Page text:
GATT Article I on MFN

The World Trade Organization (WTO)   was formed following the Marrakesh Agreement which basically converted the General Agreement on Tariffs and Trade (GATT) into the WTO. Most Favoured Nation Treatment (MFN) broadly covers the nondiscrimination in international trade and is one of the core rules that hold the World Trade Organization together.

The GATT came into force into force in 1948 and has various rules covering different areas of international trade and these rules are supposed to be adhered to by the contracting states.

Most Favoured Nation Treatment (MFN) is one of these rules and is covered under GATT 1994 Article 1.

Key Features of the Most Favoured Nation Treatment

Under the article a contracting party is supposed to treat other nations equally when dealing with exports and imports. This means a contracting party say Kenya, who is a WTO member, cannot treat Chinese imports less favourably that it would treat Japanese imports. If Kenya grants certain privileges to imports from and exports to China then it must unconditionally extend that privilege to other countries who are members of the WTO and which are trading with Kenya and are importing and exporting like products.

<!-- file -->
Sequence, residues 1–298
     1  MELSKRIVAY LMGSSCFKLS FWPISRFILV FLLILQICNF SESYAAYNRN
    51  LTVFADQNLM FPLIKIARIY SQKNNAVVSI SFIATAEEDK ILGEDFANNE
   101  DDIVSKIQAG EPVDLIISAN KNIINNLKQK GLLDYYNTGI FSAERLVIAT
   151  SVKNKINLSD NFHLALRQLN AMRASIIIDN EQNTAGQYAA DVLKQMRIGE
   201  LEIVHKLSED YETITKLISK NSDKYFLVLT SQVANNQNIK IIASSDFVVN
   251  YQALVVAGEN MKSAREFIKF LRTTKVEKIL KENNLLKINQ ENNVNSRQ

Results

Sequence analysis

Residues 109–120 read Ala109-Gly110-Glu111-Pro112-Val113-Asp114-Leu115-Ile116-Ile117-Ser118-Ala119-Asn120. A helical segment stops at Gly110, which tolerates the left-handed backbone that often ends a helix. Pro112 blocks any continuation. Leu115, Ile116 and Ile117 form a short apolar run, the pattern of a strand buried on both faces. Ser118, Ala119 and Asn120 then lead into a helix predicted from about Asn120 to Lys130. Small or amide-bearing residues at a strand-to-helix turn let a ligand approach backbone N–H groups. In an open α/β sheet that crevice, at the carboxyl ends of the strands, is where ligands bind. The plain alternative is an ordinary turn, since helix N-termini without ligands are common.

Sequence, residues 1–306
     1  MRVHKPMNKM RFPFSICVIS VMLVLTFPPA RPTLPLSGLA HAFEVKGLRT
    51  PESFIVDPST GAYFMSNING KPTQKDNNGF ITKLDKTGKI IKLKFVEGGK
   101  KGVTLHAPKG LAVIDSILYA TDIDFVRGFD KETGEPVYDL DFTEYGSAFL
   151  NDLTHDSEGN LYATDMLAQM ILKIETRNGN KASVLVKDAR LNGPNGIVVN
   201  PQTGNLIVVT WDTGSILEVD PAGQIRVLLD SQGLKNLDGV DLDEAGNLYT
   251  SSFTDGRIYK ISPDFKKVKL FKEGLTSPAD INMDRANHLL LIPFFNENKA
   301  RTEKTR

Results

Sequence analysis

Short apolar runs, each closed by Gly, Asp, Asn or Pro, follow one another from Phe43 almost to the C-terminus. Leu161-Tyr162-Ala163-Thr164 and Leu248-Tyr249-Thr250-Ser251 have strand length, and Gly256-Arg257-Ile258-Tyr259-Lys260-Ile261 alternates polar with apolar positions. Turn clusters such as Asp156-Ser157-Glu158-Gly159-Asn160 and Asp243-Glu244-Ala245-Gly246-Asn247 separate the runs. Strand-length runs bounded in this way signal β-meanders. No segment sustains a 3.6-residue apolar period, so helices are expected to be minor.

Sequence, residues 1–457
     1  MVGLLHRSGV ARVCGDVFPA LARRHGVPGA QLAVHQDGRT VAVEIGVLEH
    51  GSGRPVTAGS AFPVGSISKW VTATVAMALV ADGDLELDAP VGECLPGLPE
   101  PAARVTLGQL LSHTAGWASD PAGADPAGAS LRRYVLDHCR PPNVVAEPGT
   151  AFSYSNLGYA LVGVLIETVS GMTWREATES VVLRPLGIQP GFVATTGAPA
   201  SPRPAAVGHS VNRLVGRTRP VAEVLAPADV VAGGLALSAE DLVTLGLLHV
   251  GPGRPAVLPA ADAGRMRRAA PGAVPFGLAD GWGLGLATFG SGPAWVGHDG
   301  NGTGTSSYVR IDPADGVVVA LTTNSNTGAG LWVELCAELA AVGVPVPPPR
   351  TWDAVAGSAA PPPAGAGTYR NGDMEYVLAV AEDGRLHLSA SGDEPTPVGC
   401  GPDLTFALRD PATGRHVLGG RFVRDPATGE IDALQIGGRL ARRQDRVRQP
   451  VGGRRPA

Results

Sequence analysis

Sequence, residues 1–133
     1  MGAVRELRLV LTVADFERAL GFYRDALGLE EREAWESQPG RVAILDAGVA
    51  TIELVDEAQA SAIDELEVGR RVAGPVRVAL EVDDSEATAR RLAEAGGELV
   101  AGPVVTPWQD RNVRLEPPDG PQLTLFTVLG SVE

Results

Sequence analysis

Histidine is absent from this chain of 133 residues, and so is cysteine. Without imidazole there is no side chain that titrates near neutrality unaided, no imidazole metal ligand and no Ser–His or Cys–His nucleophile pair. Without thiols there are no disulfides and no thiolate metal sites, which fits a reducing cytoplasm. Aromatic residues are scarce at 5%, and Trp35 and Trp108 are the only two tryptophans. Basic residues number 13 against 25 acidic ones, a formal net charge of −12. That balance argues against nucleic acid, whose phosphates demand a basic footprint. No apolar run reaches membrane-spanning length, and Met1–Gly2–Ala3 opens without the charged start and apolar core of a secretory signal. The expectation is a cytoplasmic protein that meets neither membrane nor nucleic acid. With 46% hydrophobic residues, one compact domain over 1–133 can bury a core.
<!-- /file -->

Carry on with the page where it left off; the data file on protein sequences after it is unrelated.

The treatment envisage above can be broken into several parts. The first part deals with customs duties and other charges imposed on importation, exportation of like products; the international transfer of payments for imports of exports.[3] This would mean that a WTO members must have a uniform taxation regime that applies to exports and imports and related international transfer payments and this regime must be applied without discrimination.

The Article gives obligations on a member state to apply method of levying the duties and the charges and rules and formalities applicable to importation and exportation in a manner that is not giving advantage to one contracting party over the other with regards to like products.

An important aspect in the above obligation is   the use of “like products” Like products can mean products with similar characteristics. Likeness has been given further meaning using different tests as has been determined in several cases .The first test is the unsophisticated market test. In the case of   Japan—Taxes on Alcoholic Beverageswhere Vodka was considered to be a like good to shochu. The Panel looked at such as taste, appearance, end us

The second test is the aims and effect test which was considered in the United States—Gas Guzzler Case which concerned the environmentally friendly us laws   concerning cars. In this case the Panel determined that if a law does not aim at protectionism then it is GATT compatible.